HARRISBURG, Pa. — Pennsylvania voters won't have to show photo identification to cast ballots on Election Day, a judge said Tuesday in a ruling on the state's controversial voter ID law that could help President Barack Obama in a presidential battleground state.
Commonwealth Court Judge Robert Simpson delayed Pennsylvania's voter ID requirement from taking effect this election, saying he wasn't sure the state had made it possible for voters to easily get IDs before Nov. 6.
"I am still not convinced ... that there will be no voter disenfranchisement" if the law took effect immediately, Simpson wrote.
Republican Gov. Tom Corbett, who had championed the law, said he was leaning against an appeal of the decision, which was widely viewed to favor Obama in Pennsylvania, one of the nation's biggest Electoral College prizes. Obama has been leading in recent polls over Republican nominee Mitt Romney.
Pennsylvania's 6-month-old law, among the nation's toughest, has sparked a debate over voting rights ahead of the presidential election. About a dozen primarily Republican-controlled states have toughened voter ID laws since the 2008 presidential election. But states with the toughest rules going into effect — including Kansas and Tennessee — aren't battleground states, making their impact on the presidential election unclear.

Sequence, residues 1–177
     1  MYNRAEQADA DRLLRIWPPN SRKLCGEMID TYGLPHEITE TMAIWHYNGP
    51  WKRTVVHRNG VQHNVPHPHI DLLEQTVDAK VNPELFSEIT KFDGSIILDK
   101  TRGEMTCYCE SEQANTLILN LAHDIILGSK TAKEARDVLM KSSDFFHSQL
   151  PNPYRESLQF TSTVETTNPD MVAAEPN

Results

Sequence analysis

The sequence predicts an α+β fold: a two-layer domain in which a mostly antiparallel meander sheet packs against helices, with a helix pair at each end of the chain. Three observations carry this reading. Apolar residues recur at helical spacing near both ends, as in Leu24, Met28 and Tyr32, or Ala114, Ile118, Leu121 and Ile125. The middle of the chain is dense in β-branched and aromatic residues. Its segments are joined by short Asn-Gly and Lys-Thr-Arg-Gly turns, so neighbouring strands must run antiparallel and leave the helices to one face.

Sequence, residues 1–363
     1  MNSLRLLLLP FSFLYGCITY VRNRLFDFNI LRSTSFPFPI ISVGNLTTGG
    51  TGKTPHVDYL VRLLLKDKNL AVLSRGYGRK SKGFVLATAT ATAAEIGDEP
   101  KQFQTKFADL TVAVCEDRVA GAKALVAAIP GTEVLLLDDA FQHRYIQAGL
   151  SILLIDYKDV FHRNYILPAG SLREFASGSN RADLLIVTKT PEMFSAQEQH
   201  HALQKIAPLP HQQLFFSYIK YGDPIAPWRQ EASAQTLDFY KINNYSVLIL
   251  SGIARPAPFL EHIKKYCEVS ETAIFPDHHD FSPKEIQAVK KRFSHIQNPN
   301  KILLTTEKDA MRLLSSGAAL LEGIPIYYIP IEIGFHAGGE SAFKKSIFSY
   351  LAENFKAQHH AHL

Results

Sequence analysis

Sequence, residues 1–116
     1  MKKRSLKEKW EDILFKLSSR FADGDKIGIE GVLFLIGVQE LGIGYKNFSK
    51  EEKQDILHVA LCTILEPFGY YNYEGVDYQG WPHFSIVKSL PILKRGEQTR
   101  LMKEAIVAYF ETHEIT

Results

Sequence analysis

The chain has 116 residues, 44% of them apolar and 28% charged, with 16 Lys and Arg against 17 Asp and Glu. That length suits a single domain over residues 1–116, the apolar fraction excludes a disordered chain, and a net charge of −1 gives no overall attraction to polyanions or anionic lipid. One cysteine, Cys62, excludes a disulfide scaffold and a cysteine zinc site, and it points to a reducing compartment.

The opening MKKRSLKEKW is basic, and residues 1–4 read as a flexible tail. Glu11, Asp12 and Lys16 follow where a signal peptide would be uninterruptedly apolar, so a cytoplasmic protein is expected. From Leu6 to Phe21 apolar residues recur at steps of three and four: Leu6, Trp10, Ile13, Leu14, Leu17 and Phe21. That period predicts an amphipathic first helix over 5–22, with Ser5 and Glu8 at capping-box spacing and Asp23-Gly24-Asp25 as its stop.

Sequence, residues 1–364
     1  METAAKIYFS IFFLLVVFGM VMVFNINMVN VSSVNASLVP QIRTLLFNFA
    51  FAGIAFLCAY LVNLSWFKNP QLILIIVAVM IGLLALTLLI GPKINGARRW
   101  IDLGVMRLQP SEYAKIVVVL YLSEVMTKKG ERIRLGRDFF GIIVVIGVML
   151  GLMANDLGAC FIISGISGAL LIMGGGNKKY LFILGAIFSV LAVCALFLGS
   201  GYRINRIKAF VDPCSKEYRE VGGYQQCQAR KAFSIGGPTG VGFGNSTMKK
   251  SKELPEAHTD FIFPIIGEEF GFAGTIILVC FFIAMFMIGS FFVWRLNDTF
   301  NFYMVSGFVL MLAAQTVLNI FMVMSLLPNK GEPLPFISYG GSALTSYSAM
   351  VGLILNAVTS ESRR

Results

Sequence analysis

One civil rights lawyer said the decision cemented the principle that a photo ID law can't disenfranchise voters. Opponents had said young adults, minorities, the elderly, poor and disabled would find it harder to cast ballots.
"The effect of the decision in Pennsylvania is not just theoretically, can voters get ID, but actually, can they get ID," said Jon M. Greenbaum, chief counsel of The Lawyers' Committee for Civil Rights Under Law.
Simpson, a Republican first elected to the bench in 2001, based his decision on guidelines given to him two weeks ago by the state Supreme Court to determine whether the state had made photo IDs easily accessible.
He ruled after listening to two days of testimony about the state's efforts to ease requirements, as well as accounts of long lines and ill-informed clerks at driver's license centers.
On Nov. 6, election workers will still be allowed to ask voters for a valid photo ID, but people without it can use a regular voting machine in the polling place and will not have to cast a provisional ballot or prove their identity to election officials afterward, the judge ruled.